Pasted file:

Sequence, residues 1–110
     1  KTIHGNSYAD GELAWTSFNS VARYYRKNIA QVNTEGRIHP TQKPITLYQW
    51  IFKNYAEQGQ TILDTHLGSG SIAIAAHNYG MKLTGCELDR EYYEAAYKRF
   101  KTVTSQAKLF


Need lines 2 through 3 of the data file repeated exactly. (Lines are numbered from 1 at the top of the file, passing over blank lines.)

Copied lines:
     1  KTIHGNSYAD GELAWTSFNS VARYYRKNIA QVNTEGRIHP TQKPITLYQW
    51  IFKNYAEQGQ TILDTHLGSG SIAIAAHNYG MKLTGCELDR EYYEAAYKRF